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AI: Artificial intelligence can learn but it’s not ready to teach, experts say

Computer scientists, educators don’t see artificial intelligence fully replacing people
Artificial intelligence can help students learn, but experts say it can replace teaching

In late January, ChatGPT creator OpenAI addressed criticism from schools that the text generated from its AI-powered chatbot encouraged student plagiarism and cheating. 

The company responded by releasing a software tool to help teachers detect whether the author of an assignment was a student, or artificial intelligence.

This is not the first time an online or digital tool has been accused of potentially destroying education. In 1998, The New York Times published an article titled, ‘The Trouble with Cheating in the Digital Age’ – one many stories published by various media outlets that warned about the dangers posed by the internet (library closures and increased plagiarism, among them). 

Today, computer science educators say such concerns over AI are likely overblown.  

Steve DiPaola is a professor in Simon Fraser University’s cognitive science program, and leads the school’s iVizLab, which focuses on “AI-based computational models of human characteristics.”

He expects AI will come to be used by students as a tool for gathering information, or to work through and consider an assignment. It won’t be used to create essays or answers that are fully copied and pasted.

“What you get cheaply out of these systems is going to be really obvious, really templatized,” said DiPaola. “And we’re all going to notice it, and we’re not going to care about it.”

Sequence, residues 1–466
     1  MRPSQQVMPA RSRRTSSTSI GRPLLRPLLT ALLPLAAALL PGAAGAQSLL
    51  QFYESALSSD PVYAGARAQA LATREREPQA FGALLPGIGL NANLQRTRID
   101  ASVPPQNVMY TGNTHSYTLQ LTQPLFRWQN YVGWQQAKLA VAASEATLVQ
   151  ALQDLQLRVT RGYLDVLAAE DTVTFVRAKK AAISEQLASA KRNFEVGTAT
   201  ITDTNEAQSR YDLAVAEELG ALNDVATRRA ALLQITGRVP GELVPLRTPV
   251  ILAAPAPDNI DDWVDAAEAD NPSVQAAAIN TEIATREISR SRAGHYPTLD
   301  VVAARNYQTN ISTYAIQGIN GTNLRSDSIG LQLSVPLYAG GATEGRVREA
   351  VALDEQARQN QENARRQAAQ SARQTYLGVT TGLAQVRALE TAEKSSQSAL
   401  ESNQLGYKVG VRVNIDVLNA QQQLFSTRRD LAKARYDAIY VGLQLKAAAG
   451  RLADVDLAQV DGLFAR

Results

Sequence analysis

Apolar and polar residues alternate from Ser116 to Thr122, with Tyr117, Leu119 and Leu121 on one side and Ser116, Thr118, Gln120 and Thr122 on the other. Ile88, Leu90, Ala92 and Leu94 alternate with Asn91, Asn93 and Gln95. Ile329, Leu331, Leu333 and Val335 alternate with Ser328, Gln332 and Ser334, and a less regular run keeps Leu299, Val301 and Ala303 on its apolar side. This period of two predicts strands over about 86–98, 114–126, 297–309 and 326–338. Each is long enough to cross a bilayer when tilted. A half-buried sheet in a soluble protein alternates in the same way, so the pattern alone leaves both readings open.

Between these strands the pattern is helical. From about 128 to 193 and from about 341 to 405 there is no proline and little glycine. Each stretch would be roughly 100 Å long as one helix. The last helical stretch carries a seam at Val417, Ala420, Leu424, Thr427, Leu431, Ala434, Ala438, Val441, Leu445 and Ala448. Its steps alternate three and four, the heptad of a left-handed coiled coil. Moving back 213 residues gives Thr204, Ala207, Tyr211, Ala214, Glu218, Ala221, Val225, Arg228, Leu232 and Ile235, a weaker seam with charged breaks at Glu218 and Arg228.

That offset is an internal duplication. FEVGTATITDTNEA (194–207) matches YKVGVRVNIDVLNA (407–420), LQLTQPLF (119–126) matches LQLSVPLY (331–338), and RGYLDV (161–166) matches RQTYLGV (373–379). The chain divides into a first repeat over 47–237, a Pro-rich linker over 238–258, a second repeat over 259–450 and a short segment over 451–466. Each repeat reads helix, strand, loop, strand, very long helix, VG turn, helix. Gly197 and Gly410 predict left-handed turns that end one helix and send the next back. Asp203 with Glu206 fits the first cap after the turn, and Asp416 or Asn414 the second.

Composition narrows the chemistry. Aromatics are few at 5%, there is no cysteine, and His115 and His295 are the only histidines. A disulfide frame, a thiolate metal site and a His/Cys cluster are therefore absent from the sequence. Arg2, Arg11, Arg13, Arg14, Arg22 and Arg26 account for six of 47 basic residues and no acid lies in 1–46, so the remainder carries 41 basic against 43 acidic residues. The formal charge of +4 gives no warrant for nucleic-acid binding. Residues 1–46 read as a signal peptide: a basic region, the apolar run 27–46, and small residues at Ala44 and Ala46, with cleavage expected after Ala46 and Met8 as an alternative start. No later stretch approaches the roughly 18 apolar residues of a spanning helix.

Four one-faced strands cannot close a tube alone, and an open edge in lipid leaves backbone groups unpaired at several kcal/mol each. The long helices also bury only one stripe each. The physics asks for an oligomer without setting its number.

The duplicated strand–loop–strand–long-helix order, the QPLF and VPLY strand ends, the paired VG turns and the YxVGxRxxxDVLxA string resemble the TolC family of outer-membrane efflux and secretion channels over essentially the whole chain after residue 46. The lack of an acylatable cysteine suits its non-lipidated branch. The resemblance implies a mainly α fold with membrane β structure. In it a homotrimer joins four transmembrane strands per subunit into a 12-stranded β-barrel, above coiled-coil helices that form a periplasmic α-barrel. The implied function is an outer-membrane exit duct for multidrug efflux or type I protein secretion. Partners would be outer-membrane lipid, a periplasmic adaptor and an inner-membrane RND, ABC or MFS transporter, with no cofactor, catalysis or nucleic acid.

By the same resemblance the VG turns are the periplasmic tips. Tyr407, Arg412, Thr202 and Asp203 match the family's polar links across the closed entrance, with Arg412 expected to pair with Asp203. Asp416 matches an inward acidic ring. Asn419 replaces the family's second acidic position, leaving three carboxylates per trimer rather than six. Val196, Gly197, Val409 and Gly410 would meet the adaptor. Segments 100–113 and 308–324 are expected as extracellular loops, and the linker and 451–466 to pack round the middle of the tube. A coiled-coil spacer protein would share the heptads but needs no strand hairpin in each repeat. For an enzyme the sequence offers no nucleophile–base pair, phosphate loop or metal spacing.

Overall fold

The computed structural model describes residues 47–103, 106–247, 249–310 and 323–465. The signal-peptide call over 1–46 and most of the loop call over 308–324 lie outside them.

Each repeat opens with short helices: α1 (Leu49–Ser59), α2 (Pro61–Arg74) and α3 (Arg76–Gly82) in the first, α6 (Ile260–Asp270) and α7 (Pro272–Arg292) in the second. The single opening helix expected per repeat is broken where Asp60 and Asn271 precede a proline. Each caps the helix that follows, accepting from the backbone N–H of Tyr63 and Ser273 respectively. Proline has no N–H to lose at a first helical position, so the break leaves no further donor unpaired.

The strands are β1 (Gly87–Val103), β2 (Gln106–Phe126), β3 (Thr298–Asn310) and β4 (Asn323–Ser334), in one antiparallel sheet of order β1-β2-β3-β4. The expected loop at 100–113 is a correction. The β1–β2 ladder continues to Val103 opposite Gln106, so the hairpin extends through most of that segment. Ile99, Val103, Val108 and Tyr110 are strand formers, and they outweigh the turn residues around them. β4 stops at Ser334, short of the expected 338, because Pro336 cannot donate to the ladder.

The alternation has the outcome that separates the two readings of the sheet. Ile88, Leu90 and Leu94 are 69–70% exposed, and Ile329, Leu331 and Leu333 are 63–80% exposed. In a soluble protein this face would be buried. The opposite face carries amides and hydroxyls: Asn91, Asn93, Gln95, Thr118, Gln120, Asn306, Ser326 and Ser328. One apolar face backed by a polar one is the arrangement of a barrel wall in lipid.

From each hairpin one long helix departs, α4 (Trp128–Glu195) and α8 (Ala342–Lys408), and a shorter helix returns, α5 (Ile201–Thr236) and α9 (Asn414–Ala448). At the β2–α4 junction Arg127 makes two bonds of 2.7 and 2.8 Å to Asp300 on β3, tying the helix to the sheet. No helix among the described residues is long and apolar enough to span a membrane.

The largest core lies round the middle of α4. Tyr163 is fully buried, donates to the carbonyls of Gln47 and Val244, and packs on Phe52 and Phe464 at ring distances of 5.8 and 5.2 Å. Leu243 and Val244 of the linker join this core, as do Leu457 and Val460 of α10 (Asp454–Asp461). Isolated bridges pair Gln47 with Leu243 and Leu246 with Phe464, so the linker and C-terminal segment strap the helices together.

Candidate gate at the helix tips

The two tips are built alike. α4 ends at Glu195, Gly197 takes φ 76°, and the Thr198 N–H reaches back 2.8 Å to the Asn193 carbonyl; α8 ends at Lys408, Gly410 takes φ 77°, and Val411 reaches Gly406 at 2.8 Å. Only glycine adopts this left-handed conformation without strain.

After all, ChatGPT isn’t always accurate. Beyond referencing wrong information, it can “hallucinate” by providing a convincing but made-up answer. 

For example, DiPaola asked a Vincent van Gogh chatbot how the artist’s friend Paul Gauguin helped him heal spiritually. The program responded randomly with: “I have a friend in Jesus.” 

When asked how it would disrupt education, ChatGPT didn’t focus on cheating.

Rather, the chatbot highlighted that AI could offer personalized learning by analyzing a student’s learning habits and shaping a curriculum to meet their specific needs. The program also responded that ChatGPT could enhance student engagement by providing immediate feedback, personalized recommendations and interactive discussions.

Though useful, Vered Shwartz, a University of British Columbia assistant professor of computer science, said ChatGPT’s inaccuracies could create problems.

ChatGPT also said it could introduce automatic assignment grading, but Shwartz is skeptical. The industry has had automatic grading for questions with non-written answers for decades. And, with so much variation in written responses, Shwartz said she doubts that a program would be able to correctly grade written responses that vary too much from the template answer.  

Another potential consequence of AI adoption in education, according to ChatGPT, is job losses. 

Shwartz, however, was unconvinced. Jobs will definitely change, she said, but she added that it would be difficult for an AI to replace educators altogether. Even if the process of building a syllabus or a lesson plan could be automated, it would still have to be reviewed and likely taught by a person, she said.

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